This course examines how society manages-–or fails to manage-–environmental issues that fall beyond the authority or capability of one national government. Class sessions will be divided roughly equally between discussion of cases – specific international environmental issues-–and discussion of general and conceptual topics that cut across specific cases. Cases will include extended consideration of current issues in the international management of global climate change, plus briefer discussions of some or all of stratospheric ozone depletion, long-range air pollution, protection of biological diversity, and management of global fisheries. Conceptual sessions will include discussions of the historical development and causal structure of global environmental problems; of the conceptual foundations of international politics and international law; and of the common functions required for governance of any international environmental issue, e.g., interpretation and assessment of scientific knowledge, negotiation, establishment and management of international organizations, implementation of international commitments, and monitoring, reporting, and verification of compliance. Time permitting, the course may include some discussion of linkages of environment to other international issues, e.g., trade, economic policy, security, and development.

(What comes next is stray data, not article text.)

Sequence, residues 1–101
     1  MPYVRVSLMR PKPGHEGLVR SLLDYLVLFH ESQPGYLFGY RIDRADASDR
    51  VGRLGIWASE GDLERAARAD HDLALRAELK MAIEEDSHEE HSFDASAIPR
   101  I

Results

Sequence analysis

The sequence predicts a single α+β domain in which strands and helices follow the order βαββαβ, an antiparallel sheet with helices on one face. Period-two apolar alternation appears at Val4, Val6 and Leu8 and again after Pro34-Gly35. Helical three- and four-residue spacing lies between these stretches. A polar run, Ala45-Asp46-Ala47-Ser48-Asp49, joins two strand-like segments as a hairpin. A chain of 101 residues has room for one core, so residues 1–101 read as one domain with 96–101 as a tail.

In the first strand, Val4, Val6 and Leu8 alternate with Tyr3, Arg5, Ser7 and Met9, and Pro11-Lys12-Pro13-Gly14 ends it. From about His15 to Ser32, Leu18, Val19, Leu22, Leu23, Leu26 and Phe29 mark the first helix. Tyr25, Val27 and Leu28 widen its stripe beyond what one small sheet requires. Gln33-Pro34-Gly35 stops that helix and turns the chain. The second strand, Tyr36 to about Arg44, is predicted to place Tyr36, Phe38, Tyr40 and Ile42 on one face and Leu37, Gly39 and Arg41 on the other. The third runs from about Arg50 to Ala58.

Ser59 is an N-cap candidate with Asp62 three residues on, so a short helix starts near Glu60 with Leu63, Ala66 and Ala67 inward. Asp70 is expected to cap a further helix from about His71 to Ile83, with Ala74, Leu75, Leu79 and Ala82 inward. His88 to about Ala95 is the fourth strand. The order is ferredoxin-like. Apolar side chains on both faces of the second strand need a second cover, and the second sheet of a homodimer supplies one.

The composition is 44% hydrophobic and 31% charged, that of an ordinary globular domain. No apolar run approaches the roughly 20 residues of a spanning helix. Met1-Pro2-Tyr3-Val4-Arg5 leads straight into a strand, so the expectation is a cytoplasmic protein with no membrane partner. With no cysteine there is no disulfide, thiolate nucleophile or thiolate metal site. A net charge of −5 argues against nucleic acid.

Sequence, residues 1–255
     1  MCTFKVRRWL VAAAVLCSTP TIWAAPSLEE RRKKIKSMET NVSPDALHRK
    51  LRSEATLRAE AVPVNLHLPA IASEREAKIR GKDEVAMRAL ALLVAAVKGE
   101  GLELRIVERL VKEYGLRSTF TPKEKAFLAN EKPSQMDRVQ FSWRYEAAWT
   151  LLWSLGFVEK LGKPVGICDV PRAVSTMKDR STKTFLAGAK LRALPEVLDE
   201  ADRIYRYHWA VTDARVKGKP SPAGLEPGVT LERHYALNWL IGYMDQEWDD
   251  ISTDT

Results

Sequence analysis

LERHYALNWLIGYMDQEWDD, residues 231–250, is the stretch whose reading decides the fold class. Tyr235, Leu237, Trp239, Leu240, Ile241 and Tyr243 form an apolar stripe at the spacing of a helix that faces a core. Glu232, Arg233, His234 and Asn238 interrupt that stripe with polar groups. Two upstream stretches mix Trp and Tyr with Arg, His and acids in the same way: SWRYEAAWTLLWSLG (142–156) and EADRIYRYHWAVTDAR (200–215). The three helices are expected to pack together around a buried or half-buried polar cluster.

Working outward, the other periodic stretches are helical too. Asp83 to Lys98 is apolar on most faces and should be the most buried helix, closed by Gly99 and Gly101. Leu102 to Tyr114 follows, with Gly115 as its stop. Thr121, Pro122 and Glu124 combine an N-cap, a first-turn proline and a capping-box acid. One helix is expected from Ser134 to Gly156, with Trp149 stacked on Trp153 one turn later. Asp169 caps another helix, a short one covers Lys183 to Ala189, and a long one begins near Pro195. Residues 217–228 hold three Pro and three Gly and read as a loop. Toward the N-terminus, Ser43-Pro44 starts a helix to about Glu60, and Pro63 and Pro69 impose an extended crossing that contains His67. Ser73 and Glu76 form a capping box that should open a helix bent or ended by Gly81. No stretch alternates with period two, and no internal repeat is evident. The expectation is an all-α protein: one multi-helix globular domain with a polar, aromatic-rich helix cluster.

Overall, the perspective of the course will be synthetic: it will seek to apply insights from research and scholarship to help advance practical understanding of what is happening, why, and how things might be done better. The bridge between theory and practice will go both ways: we will both use theoretical concepts to help understand specific issues, and use evidence from these issues to help criticize and refine theoretical claims.
Format: Classes include a few lectures, lots of discussion, plus a few structured simulations and other in-class exercises
Grading: A couple of short papers (3-5 pages), one short in-class quiz, and a final paper (15-20 pages).